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#Founders Friday with Vivian Chan, Co-Founder of Sparrho
We are very excited to be running a new recurring series on our blog, #FoundersFriday, in which we interview the founders of different scholarly communication businesses, asking them to share their advice for others and their perspective on the industry as a whole.
What made you decide to leave academia and launch your own business idea?
I’ve always been compelled to solve problems – really big problems that would push me to keep learning, and make an impact on the wider society. I certainly enjoyed my PhD research very much, and I now have great analytical and problem solving toolbox to draw upon. However, once I was exposed to entrepreneurship through my presidency at CUTEC and as part of the inaugural Entrepreneur First cohort, I knew that starting my own business would be the most proactive way for me to tackle the bigger issues in how scientific knowledge is disseminated.
If you could go back in time and give your pre-startup self one piece of advice, what would it be and why?
I would do it all again, without a shred of doubt, but I would tell my pre-startup self to test all my assumptions with razor-sharp focus, starting first with the problem I’m tackling, then the solution I’m proposing. However difficult, collect data to inform your decisions. Get creative and hands-on: it doesn’t need to be a complicated tech-enabled experiment – sometimes you just need to leave your desk and speak to potential users.
Suppose I have an idea for a tool, or a solution for a problem, within the research landscape and I want to develop my idea into a business. What would your advice to me be?
Take the problem that you think you have a solution for, and before anything else, work out who really cares about solving this problem. For example, is this only a small bugbear for your own Chemistry research group, or do all Chemistry PhD students suffer from this problem, or does it run further than that? Be really tough on yourself at this stage, because you need have a practical understanding of how big the market opportunity for your solution is.
Now take that market opportunity, and explore how you could make minor tweaks to your solution to solve the problems of other populations to expand your target market size. This basic thought experiment will form the basis of your long-term business plan, and help you discern whether you have a solution worth developing into a business, or just a tool that helps a handful of people, who probably wouldn’t pay for it, and wouldn’t be devastated if it didn’t exist.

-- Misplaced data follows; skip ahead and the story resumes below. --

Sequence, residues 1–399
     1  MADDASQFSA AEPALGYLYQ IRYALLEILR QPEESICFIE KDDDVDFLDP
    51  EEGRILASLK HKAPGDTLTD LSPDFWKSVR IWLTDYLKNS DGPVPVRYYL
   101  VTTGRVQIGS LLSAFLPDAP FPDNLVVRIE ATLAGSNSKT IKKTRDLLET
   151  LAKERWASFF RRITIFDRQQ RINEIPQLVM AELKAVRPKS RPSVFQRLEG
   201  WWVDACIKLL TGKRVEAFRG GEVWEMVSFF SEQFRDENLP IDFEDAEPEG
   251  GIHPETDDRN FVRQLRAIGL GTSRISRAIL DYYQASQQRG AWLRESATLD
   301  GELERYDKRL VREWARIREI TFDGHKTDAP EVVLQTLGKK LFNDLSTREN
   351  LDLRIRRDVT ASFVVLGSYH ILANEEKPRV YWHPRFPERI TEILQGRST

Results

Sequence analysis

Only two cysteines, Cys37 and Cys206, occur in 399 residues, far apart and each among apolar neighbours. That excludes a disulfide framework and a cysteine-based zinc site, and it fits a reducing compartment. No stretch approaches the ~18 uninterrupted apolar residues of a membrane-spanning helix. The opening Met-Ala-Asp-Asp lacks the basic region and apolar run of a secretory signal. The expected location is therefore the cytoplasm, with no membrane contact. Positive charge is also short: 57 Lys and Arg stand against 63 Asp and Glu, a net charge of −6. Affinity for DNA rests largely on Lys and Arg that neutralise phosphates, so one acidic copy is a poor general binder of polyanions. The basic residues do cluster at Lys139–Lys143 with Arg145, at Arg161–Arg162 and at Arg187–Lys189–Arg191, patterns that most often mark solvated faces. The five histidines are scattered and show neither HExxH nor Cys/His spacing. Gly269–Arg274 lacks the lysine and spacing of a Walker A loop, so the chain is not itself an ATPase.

As the founder of a business, what are you most proud of?
I’m most proud of my diverse and talented team, which I’ve assembled through a mixture of telling lots and lots of people about my ambitious vision, and pure good fortune. We each have different academic and commercial backgrounds, and are not afraid to voice opposing opinions when we’re making difficult strategic decisions.
As a CEO, I’m grateful to my team that not only keeps me connected with our users’ and partners’ needs, and builds the most resilient tech possible to deal with the huge volume of data and requests on our platform to fulfil our users’ needs, but also pushes me and each other to keep learning, and aim ever higher.
In the scholarly communication & publishing space, it’s often said that people have the same conversations again and again. Can you think of an issue that, in your view, people aren’t talking about enough?
My team and I have participated in a number of scholarly publishing and research policy panels and meetings, from within the publishing industry all the way up to the EU level. Though it may be true that the same issues crop up again and again, it doesn’t mean that progress isn’t been made.
One key thing that I would say isn’t being done enough is making sure that stakeholders across sectors and disciplines are present at such conversations, and invited to speak on the same stage as equals. We need to break down the barriers and listen to researchers, startups, publishers, librarians, research funders, and the wider society that consumes and benefits from scientific content alike. There also needs to be more encouragement for new startups to push the boundaries in this space, and more collaboration between startups and industry stakeholders so that entrepreneurs can better understand the problems they are trying to solve, and what’s already been done. There’s no need to reinvent the wheel!
What does the future have in store for Sparrho?
Sparrho will soon have the world’s most comprehensive database of scientific content, and we’re always refining our algorithms to provide better recommendations for our users to help them find things they didn’t even know that they didn’t know about – this is why it’s crucial that our database covers all fields of science.
In the long run, we hope to distribute the scientific content in Sparrho to a wider audience. We’ve had a great response to our Research Perspectives initiative so far, which provides sponsorship to PhD students and postdocs to write short digests of the latest seminal research in their field, in order to promote interdisciplinary conversations and communicate these advances to non-specialists.
I’ve always believed that keeping up with new research isn’t just important for scientists, and users as diverse as journalists, early-stage investors, strategic consultants, patent attorneys, and patients’ families have used Sparrho. I believe Sparrho will help anybody and everybody stay on top of the science that matters to them.